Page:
Homework Help for Students With ADHD

Helping child with homework
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Homework, homework...does anyone really like homework? For a child with ADHD, just getting the assignment written down and the correct books in the book bag to go home can be a monumental task. Papers inevitably get lost. Either en route home, at home, or en route back to school. Oftentimes, assignments simply don’t get done. If they make it home, the energy that must be used to recall the instructions, understand the assignment, and focus on the tedious task of getting it completed with all the other distractions around may prove too much.

Homework really does involve numerous steps. One missed step can create loads of problems. For the child, it can become so overwhelming that it is easier to just not do it. Homework can be frustrating for parents, children, and teachers!

The middle and high school years can be an especially hard time. Students receive less supervision. They have multiple teachers with multiple teaching styles. Expectations and responsibilities are much greater. Self-esteem is more fragile and feelings of self-consciousness skyrocket.

How can an adolescent with ADHD develop subtle strategies for getting homework done without drawing attention to herself? How can parents help?

Be an Advocate

Be an advocate for your child. Meet with the teachers after school and discuss the homework concerns. Sometimes it isn’t possible to meet with all your child’s teachers. If this is the case, send emails or contact them by phone.

If appropriate, the teachers can lessen the amount of homework assigned to your daughter. This can be done in a way that is not noticeable to your daughter’s peers. If the regular math assignment is problems 1 to 30, it may be that your daughter only has to do 1 to 15. This can be set up with her teachers in advance. It is also possible for your daughter to be given extended time to complete assignments.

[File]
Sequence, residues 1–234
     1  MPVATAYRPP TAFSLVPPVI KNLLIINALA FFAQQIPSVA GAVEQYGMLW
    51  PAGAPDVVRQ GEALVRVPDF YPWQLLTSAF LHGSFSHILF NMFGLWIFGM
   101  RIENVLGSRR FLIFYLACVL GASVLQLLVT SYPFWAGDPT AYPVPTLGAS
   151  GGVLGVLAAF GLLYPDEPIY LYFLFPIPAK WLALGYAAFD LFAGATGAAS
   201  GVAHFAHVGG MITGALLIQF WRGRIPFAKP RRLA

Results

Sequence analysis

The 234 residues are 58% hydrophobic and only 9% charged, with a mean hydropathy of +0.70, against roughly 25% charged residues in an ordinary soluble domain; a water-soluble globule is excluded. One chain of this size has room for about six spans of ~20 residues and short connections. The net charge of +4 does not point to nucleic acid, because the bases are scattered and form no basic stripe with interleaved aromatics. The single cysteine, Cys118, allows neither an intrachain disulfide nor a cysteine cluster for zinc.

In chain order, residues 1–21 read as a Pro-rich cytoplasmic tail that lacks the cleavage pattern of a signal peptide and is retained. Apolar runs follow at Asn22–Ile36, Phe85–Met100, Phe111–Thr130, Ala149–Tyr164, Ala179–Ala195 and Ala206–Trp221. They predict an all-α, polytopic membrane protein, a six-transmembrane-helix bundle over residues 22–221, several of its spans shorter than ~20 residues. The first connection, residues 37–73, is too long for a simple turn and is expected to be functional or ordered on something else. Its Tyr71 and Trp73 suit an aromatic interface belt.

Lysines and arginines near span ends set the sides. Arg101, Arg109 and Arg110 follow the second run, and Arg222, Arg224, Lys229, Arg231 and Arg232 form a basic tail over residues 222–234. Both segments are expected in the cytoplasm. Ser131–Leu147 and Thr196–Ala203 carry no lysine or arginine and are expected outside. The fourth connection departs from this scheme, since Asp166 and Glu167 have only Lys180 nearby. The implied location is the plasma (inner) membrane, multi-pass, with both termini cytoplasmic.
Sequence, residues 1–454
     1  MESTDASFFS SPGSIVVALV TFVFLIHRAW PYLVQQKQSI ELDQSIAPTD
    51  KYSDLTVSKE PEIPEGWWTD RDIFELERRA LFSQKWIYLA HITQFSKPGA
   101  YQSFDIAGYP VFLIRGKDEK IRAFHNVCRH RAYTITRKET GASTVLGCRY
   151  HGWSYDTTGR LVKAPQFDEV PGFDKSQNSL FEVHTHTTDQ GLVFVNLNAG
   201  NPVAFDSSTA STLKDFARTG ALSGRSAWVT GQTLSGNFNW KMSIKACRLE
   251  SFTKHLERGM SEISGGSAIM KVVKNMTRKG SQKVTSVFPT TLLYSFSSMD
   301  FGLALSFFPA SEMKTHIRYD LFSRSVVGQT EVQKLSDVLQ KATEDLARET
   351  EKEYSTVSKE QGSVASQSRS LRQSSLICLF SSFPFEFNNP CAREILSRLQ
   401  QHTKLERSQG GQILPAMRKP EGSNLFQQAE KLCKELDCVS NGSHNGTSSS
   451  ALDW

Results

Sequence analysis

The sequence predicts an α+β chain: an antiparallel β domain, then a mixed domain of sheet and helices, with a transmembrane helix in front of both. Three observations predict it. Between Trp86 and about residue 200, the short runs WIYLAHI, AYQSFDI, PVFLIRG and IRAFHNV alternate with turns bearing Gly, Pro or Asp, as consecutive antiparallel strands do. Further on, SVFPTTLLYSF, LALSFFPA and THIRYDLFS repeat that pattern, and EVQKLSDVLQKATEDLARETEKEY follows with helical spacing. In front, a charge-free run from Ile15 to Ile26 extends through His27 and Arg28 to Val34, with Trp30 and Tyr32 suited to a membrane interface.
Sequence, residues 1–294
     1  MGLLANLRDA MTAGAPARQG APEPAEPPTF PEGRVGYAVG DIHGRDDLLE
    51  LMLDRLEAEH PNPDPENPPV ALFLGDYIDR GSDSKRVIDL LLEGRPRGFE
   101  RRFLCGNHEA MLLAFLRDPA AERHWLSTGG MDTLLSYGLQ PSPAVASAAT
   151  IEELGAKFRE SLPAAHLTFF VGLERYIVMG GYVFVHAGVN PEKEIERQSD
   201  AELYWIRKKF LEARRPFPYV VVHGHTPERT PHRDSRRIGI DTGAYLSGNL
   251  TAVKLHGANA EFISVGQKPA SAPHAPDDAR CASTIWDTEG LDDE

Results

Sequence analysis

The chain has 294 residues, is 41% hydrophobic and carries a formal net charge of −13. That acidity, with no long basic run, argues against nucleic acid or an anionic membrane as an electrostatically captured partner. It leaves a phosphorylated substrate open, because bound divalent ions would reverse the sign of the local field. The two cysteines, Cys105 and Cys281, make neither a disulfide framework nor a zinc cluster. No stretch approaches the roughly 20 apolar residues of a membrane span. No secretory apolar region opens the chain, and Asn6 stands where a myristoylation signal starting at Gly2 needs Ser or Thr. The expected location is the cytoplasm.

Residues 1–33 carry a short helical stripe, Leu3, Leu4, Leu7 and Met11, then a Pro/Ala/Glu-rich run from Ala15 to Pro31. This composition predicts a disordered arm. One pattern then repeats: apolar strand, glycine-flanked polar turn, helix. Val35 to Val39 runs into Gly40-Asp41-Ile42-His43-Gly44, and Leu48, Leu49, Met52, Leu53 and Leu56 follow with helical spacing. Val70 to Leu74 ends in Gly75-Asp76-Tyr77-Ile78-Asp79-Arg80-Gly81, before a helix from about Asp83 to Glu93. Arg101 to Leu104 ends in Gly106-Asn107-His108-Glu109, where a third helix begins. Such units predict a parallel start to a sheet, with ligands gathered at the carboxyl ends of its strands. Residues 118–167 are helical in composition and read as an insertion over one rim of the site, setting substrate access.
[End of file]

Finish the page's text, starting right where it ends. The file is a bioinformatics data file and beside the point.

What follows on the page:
Provide Tools and Support

Go shopping with your child to pick out a notebook where homework assignments can be written down. Ask the teachers if they will help with verbal reminders to the entire class, “Your assignment tonight is... ​I will give you all a few minutes. Please write your assignment down now.” Ask them if they will begin writing assignments on the board in addition to giving verbal instructions. This approach can be beneficial to the whole class, not just your child.

Your daughter’s teachers can be on the lookout to make sure your daughter is focused and writing the assignment down as instructed. If she isn’t, a simple tap on the desk or pat on the back may be enough to refocus her without drawing attention. The teachers can even check her assignment notebook at the end of class to make sure it is accurate. If possible try to get a schedule of the week’s assignments so you can have them at home as a backup.

Keep a Second Set of Textbooks at Home

Talk with the school principal about getting a second set of school books to keep at home over the school year. For children with ADHD, just getting the correct books home at the end of the school day can be difficult. A backup set at home can be a lifesaver on those more disorganized days.

Organize Backpack